Last Argument of Kings
Author – Joe Abercrombie
Pages: 544 pages
Release Date: March 20th, 2008
Say one thing for Joe Abercrombie, say he knows how close a trilogy with panache. The final novel in The First Law trilogy, Last Argument of Kings is without a doubt the strongest novel in the cycle and, indeed, one of the strongest finishes to a trilogy Iâ€™ve come across in a long time. Itâ€™s refreshing to find an author who can not only finish a story in three books (a rarity in the fantasy genre these days, it seems) but to also do so in a satisfying manner.
Last Argument of Kings aims at bringing everything full circle and succeeds wildly. Abercrombie has often stated that The First Law is his riff on all the typical fantasy tropes, twisting them in an ever so subtle satire and this final novel is no exception. Itâ€™s clear, once you turn the final page, that Abercrombie had the story firmly under his thumb through the entire trilogy. Small twists, hinted at in the very first pages of The Blade Itself, come full circle and are sure to leave readers shaking their heads in amazement at Abercrombieâ€™s clever control. The dâ€™enouement (which is anything but calm and comforting) holds as many twists, knives-in-the-back and balls-to-the-wall fights as the rest of the story and, as true intentions are revealed, Abercrombie forces the reader to truly question the concepts of â€œgoodâ€ and â€œevil.â€
And truly itâ€™s the characters that rule this novel. The Northmen are the stars of the first half of the novel. Abercrombie manages to take folk who, when handled many other authors, would appear as nothing more than simple minded, violent brutes, and manages to make the reader care about them deeply. The Dogman, Black Dow, Logen Ninefingers and the rest of their crew are not good people – they’ve killed more men than can be counted – and yet the reader will shed tears as they do, will feel each blow to the gut, and will laugh a black laugh at their humour. The First Law do not have “good guys” and “bad guys”, instead it has people; plain and true people, as flawed and real as you or I.
The second half of the novel, which is essentially nothing more (or less) than one epic brushstroke of brutal warfare, belongs to the heroes (and antiheroes) of the Union. Sand dan Glokta, a favourite of mine through the first two novels, steals the show and further cements his place as one of fictionâ€™s most interesting and intriguing characters. Jezal dan Luthar, such an unlikable bastard in the first two novels, goes through some momentous character shifts and actually comes out the other end as a likeable character with more depth than Abercrombie let on at the start.
If R.A. Salvatore’s fight scenes are a beautifully choreographed fight scene from a Hollywood martial arts flick â€“ fun to watch, but ultimately no more than a delicate dance between actors â€“ then Abercrombie’s are the best of the best from the UFC â€“ raw, visceral and real; sure to leave you stiff and sore when you wake the next morning, each blow absorbed as surely by the reader as the contestants in the bout. One fight in particular, near the middle of the novel, kept me up well past my bedtime and surely ranks near the top of the best single combat scenes I’ve experienced in all my years reading Fantasy.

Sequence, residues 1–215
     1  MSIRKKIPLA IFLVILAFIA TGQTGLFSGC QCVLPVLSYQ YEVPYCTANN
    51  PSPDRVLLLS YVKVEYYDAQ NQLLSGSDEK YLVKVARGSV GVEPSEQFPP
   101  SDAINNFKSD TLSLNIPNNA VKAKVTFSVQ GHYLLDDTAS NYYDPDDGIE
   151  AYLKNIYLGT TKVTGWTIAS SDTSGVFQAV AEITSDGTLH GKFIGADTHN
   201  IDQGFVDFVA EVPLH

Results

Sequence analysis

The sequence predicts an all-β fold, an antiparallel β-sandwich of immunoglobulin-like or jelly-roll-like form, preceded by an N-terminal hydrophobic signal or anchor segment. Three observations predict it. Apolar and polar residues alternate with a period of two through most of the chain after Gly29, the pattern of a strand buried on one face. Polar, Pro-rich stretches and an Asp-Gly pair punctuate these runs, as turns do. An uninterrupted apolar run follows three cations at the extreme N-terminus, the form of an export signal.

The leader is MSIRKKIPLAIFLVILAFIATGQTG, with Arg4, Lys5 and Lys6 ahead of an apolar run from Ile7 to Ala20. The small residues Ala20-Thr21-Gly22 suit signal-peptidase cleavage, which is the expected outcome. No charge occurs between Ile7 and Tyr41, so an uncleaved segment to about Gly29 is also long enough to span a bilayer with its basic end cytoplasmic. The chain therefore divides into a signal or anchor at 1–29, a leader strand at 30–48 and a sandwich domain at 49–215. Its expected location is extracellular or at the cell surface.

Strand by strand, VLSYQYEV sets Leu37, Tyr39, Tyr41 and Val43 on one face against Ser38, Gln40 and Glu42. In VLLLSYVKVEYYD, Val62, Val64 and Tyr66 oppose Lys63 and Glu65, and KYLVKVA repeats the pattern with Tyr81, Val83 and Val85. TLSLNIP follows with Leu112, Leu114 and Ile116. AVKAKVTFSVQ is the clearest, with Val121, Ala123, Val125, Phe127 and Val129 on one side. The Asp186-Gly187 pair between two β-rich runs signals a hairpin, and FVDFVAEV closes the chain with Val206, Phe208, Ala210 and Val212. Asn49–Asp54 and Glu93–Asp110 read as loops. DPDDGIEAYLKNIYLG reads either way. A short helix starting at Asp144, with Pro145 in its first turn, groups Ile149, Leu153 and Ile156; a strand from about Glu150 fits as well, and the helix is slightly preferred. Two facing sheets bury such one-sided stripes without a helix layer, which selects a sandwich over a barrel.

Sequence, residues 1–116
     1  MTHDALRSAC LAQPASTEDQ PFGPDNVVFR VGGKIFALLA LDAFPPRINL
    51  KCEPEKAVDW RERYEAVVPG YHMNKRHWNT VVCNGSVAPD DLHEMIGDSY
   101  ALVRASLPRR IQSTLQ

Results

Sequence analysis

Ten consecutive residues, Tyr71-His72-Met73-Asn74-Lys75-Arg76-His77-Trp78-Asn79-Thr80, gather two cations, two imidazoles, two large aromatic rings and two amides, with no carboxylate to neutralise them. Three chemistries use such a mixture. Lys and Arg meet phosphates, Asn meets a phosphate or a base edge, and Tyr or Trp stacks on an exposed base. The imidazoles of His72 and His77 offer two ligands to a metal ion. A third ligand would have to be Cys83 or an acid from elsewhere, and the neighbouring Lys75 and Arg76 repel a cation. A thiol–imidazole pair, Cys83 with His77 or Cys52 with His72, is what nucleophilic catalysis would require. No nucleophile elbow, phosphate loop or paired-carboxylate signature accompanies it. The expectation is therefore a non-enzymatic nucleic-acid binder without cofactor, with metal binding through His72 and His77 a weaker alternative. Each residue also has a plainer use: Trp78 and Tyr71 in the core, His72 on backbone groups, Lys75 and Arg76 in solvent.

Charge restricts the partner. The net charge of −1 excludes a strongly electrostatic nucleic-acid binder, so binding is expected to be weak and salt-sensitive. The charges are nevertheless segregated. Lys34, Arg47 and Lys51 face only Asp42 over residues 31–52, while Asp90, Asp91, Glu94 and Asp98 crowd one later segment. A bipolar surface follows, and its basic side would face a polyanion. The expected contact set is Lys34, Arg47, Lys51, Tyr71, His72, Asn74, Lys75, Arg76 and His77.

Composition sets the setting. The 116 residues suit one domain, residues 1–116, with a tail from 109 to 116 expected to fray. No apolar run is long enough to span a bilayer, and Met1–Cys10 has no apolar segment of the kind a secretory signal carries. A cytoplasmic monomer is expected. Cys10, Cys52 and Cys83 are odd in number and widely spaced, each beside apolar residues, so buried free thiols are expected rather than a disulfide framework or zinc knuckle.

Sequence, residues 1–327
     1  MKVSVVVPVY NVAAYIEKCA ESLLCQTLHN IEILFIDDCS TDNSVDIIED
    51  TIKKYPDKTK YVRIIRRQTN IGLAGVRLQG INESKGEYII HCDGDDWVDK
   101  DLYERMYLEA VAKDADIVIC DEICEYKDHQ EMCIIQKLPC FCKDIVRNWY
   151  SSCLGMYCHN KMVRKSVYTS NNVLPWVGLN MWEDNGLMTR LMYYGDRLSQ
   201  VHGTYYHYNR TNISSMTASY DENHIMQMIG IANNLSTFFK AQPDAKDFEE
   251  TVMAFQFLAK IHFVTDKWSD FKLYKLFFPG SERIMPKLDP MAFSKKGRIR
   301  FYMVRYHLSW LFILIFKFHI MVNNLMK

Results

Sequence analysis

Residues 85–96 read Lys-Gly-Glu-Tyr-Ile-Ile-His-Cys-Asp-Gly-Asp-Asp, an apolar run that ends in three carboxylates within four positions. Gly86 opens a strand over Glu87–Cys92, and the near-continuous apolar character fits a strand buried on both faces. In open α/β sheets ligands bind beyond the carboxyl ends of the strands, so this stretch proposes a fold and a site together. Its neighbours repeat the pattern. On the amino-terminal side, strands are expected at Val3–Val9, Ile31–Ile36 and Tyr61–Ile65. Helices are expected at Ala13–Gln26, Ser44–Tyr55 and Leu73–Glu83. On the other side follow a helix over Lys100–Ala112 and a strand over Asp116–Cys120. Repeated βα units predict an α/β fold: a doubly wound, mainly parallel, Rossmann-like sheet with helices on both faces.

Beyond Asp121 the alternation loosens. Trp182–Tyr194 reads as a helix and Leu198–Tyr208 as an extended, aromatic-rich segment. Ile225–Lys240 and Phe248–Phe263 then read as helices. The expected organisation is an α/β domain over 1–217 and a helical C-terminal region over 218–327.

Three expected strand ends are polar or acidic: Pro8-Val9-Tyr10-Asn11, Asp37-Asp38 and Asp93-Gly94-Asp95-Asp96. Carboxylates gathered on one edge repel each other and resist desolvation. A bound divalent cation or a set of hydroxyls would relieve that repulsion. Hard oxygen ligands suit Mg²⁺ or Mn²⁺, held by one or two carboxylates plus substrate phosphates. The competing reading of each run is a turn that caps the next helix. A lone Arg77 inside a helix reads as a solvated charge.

I was critical of the first two novels, The Blade Itself and Before They Are Hanged, and their lethargic pacing but am happy to report that Last Argument of Kings doesnâ€™t suffer in the same way. In fact, the final volume of the trilogy helped me appreciate Abercrombieâ€™s delicate plotting throughout the earlier volumes. Abercrombie often says that The First Law should be viewed as one novel in three volumes (similar to Tolkienâ€™s The Lord of the Rings) instead of a standard trilogy and I couldnâ€™t agree more. The First Law will have its greatest impact when read in one continuous fell swoop.
The First Law ends much as it begins: raw, gritty and full of humanity. Itâ€™s hard to tell whether the characters, and the world they live in, is truly any better off for their efforts; in fact, one might wonder if they aren’t just all a little worse for wear. Running against the grain (as he so often does) Abercrombie eschews the happy, perfect ending, instead offering a fittingly ragged resolution sure to eke itâ€™s way into further novels set in the universe.
With the delay of Pat Rothfussâ€™ next novel, The Wise Manâ€™s Fear, and the slightly disappointing sophomore effort from Scott Lynch, Red Seas Under Red Skies, itâ€™s safe to say that Joe Abercrombie has cemented himself at the top of the heap as one of the most consistent, fresh and exciting new voices in fantasy. With Last Argument of Kings Abercrombie has addressed the few criticisms I had of the first two novels (slow pacing being the biggest killer) and he’s set the bar high for his next novel, Best Served Cold, though surely he’s well prepared for the challenge.
Early on in the life of A Dribble of Ink I decided I wouldn’t attach numerical values to my reviews, but if I were to thrust such an arbitrary label upon Last Argument of Kings, it would probably look much like a 9.9/10. If only to spite Joe and his quest for the perfect grade…
Oh yeah, and thereâ€™s still no map.